Do you want to have an exponential reach and boost your engagement on Twitter? Do you want to establish an unbreakable connection with your audience?
Twitter threads will do that for you.
Twitter keeps bringing new means of expression for individual users and brands. In 2017, they changed their character limit from 140 to 280, realizing the need for users to express their ideas. Recently, they rolled out new features like Fleets and Spaces to support stories and audio content.
With 199 million monetizable daily active users (mDAUs), Twitter could be one of the most effective marketing channels for you. The only problem previously was the restrictive character limit.
But with Twitter threads, the limitation of characters is solved, as well. They give you a unique way to present your content and get noticed on the platform. Here’s how you can take advantage of such long-form content for your brand.
What are Twitter Threads?
Twitter defines a Twitter thread as “a series of connected Tweets from one person. With a thread, you can provide additional context, an update, or an extended point by connecting multiple Tweets together.”
The character limit of a tweet is restricted to 280. But with Twitter threads or “tweetstorms”, you can create engaging long-form content by adding new tweets.
The following tweet by Sumit is an iconic example of a Twitter thread:
These 10 threads will teach you more than reading 100 books
— Sumit Grrg (@sumitgrrg) March 27, 2021
Why Your Brand Should Care About Twitter Threads
Your Twitter marketing strategy may not be optimal without Twitter threads. A value-packed Twitter thread can quickly get thousands of likes and retweets, giving your brand a chance to reach a wider audience. Twitter threads can help your brand:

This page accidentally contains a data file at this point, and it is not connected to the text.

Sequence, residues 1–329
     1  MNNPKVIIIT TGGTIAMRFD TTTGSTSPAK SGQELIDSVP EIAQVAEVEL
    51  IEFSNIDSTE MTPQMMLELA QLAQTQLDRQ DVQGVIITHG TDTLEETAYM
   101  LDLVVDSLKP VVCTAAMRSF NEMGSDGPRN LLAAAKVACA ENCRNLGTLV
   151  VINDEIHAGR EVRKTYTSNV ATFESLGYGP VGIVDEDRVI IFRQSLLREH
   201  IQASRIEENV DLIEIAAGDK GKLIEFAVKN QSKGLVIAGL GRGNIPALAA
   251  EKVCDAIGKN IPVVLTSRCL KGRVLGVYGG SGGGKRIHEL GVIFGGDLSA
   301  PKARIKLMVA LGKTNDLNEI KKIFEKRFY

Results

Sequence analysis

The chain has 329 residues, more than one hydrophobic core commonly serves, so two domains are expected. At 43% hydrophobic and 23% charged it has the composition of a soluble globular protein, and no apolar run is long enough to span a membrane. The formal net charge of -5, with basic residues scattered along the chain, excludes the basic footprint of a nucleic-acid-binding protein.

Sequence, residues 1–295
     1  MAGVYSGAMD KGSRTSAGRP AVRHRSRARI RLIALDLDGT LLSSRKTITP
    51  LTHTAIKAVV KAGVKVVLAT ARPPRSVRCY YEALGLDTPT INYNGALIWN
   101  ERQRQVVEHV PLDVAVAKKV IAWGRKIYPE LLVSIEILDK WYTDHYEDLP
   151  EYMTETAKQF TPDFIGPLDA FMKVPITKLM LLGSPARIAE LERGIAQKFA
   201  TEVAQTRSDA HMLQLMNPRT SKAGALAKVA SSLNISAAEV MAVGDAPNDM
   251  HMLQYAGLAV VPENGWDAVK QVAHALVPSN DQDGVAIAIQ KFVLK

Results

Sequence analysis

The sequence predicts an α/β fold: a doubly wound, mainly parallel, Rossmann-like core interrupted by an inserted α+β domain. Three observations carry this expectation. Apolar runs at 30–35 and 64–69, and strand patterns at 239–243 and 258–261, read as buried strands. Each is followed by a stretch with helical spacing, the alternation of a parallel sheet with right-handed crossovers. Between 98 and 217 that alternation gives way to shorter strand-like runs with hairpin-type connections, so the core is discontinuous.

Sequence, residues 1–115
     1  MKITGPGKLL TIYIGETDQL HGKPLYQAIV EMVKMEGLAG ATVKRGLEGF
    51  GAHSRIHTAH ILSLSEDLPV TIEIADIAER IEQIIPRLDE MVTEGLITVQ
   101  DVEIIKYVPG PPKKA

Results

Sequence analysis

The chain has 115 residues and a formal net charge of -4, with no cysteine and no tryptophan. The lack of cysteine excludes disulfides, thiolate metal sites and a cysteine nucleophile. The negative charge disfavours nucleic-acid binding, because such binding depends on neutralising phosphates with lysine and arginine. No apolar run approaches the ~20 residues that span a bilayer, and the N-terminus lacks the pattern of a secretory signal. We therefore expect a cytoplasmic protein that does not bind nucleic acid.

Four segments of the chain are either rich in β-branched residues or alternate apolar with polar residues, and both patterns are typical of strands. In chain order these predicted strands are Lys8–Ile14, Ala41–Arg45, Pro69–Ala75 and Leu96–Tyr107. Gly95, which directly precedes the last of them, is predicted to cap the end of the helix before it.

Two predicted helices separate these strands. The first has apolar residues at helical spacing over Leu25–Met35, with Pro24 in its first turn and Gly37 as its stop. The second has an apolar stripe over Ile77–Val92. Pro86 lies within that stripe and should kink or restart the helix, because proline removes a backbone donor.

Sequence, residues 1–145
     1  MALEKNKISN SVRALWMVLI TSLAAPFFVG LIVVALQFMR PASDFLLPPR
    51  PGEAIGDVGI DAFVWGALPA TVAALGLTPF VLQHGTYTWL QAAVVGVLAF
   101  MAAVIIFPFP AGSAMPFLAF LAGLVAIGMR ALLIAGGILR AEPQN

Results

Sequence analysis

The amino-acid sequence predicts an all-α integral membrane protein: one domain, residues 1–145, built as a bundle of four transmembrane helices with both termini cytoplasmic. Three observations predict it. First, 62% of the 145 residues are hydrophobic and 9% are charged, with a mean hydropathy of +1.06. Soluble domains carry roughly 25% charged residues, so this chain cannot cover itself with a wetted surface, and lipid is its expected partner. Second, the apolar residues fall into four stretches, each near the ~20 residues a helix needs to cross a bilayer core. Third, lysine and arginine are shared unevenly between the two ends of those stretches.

1. Increase impressions and reach
A strong opening tweet of a thread would grab and hold your audience’s attention longer than a single tweet would. If you are using one-off tweets only to link to another platform (website, blog, or a sales page), your tweets are likely to have fewer impressions.
The average half-life of a tweet is 24 minutes, which means the first 24 minutes of your tweet will define its overall engagement. But with Twitter threads, the number of tweets is increased. For example, for a thread of 5 tweets, you have a 5x chance of receiving engagement. Hence, the overall time for your tweets to receive engagement increases, as well.
Additionally, you can always add new tweets to existing threads, which increases the impressions by resurfacing the tweet.
2. Gain followers
Y’all tryna travel in 2018? Here’s a thread on how I always find the cheapest flights.
— Ciara Johnson (@hey_ciara) January 1, 2018
With increased impressions and followers come increased brand awareness and potential customers.
3. Increase Engagement
Due to their length and content, Twitter threads allow your brand’s personality to shine, inviting more discussions. The more your audience spends time with your content, the likelier they are to engage with you.
According to research, every tweet in a thread does not receive equal engagement. After the first 2-3 tweets, the engagement drops before picking up near the end again. But even after the drop, Twitter threads generate 54% more engagement than tweets containing links.
Ideas to Create Engaging Twitter Threads
Now that you know the role threads can play in your marketing strategy, it’s your turn to create some engaging threads for your brand. Let’s have a look at ten ways you can take advantage of Twitter’s long-form content.
1. Create longer tweets
Twitter has already doubled the character count from 140 to 280. But it might still not be enough to craft a compelling story. Along with that, putting more than one idea in one tweet can confuse your audience and reduce the impact of your message.
So, if you want your audience to be excited, tell a compelling story through a thread.